New Music From Markham & Morales, Wayne Hancock, Pueblo, Post Malone and More.

Welcome to Songs of the Week, where we hip you to all the new local releases you should be caring about. By putting them all together here in one place, our hope is that you can spend less time searching for relevant new releases and more time giving each one of these jams the proper shine they so deserve. OK? OK.

Markham & Morales — Neighborhood Creeps.
RIYL: Harmonies. In hell.
What else you should know: We touched on M&M’s second collaborative effort in last week’s edition of this column — but, back then, only a single song was available for streaming purposes. The calendar may have flipped to November, but now that Neighborhood Creeps has gone online in full, the Halloween spirit surely will linger on.

Wayne Hancock – Slingin’ Rhythm.
RIYL: The ghost of Hank Williams.
What else you should know: Comparisons to Hank Williams have dogged Wayne the Train his entire career, and indeed, his vocal stylings are remarkably similar, but he’s never done anything to distance himself from those comparisons, either. In fact, on his latest LP, he even covers Hank’s “Thy Burdens Are Greater Than Mine.” As always, the neo-traditionalist is on point from top to bottom, dabbling in Texas swing and other classic sub-genres while steel legend Lloyd Maines sits in the producer’s chair.

Flesh Narc & Thin Skin — TS/FN <3.
What else you should know: Do you know about the current crop of house venues like Dallas’ Snail Shack and Denton’s Rabbit Hole? Then you probably already know about Denton noise rockers Flesh Narc and Thin Skin. You’re also probably younger and cooler than us, and wouldn’t care anyway if we expounded on how cool we think they both are. Fine. You win. But you can’t stop us from letting you know they have a new split tape out on Pecan Crazy Records in the coming weeks, and you can preview one track per side above.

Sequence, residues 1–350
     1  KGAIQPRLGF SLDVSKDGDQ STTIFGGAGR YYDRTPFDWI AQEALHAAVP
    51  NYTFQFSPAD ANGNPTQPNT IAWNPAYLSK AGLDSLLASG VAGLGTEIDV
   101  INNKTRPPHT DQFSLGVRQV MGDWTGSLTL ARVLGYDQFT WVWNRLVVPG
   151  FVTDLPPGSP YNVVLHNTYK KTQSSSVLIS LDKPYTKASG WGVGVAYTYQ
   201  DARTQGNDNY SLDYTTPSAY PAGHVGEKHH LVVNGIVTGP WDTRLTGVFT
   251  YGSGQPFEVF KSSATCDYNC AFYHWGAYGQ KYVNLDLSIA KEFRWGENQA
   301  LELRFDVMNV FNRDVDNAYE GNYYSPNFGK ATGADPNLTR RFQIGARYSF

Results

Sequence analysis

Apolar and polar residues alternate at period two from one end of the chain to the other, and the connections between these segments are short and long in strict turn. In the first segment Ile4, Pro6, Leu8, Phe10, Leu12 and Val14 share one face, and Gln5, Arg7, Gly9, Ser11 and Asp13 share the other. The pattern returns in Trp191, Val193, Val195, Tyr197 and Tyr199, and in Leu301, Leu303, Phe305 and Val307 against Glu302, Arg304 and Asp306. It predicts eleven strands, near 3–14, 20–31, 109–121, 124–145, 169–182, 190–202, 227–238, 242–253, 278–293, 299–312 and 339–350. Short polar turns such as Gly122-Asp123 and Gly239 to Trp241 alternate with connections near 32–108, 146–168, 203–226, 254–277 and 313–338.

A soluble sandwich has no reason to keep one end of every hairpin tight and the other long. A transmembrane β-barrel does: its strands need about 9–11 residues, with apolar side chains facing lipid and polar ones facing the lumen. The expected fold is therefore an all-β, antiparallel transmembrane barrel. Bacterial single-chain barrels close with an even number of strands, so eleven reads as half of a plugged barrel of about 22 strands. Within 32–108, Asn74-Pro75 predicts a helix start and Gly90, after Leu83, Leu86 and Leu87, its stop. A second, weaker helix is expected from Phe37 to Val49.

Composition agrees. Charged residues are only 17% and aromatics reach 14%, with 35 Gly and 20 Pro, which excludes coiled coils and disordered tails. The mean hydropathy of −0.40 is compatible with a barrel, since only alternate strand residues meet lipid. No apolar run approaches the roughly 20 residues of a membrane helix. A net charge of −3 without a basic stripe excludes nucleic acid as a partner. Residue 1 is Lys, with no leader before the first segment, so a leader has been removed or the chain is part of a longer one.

Troy Cartwright – “Dak to the Future.”
RIYL: Rayne Dakota Prescott.
What else you should know: OK, so that’s not the real name of this song, but it’s a fitting one, perhaps. In this jokey-but-catchy folk tune that was surely written in those moments of euphoria following Prescott’s fourth quarter and eventual overtime win against the Eagles last Sunday night, Cartwright pleads Jerry Jones to not be a tool and put Romo back in even when he’s healthy enough to make a go of it. “Never benching Dak, fourth quarter comeback, so very hard to sack,” he sings at one point, later rhyming “vertebrae intact” into a similar refrain. Go Cowboys!

Pueblo – “Drive Safe.”
RIYL: Skipping school.
What else you should know: Freshly graduated from Booker T. and off to different colleges/career paths this fall, the best high school band in Texas (read: The Azalea Project) is currently on hiatus, having played its last show (for now) back in July. But the band’s Julian and Jonah Smith are still at it, crafting piano-driven pop that somehow sounds even more mature than their high school stuff – a real feat considering how those guys were already writing and playing well beyond their years. They’re releasing a new EP in January on State Fair Records, and the first single is currently streaming above.

Post Malone – “Congratulations.”
RIYL: Talking about practice.
What else you should know: It was already supposed to come out back in August – I mean, didn’t Posty name his mixtape August 26 for that very reason? – but it didn’t, and now White Iverson’s first actual studio LP is really for real this time dropping on December 9. We think? On it should be this Metro Boomin-produced single, which features a verse from Migos’ Quavo.

Black Taffy – MEMPHIS.
RIYL: Lurking in the dark.
What else you should know: You just know how ex-This Will Destroy You member Donovan Jones loves him some Halloween. Last year, he released a chopped and screwed version of Michael Jackson’s Thriller, calling it Triller. This year, on Halloween, he dropped a screwy ode to his former hometown, featuring nods to Memphis acts like Three 6 Mafia, Tommy Wright III, Lord Infamous and others.

Pueblo cover image by Pete Thompson.
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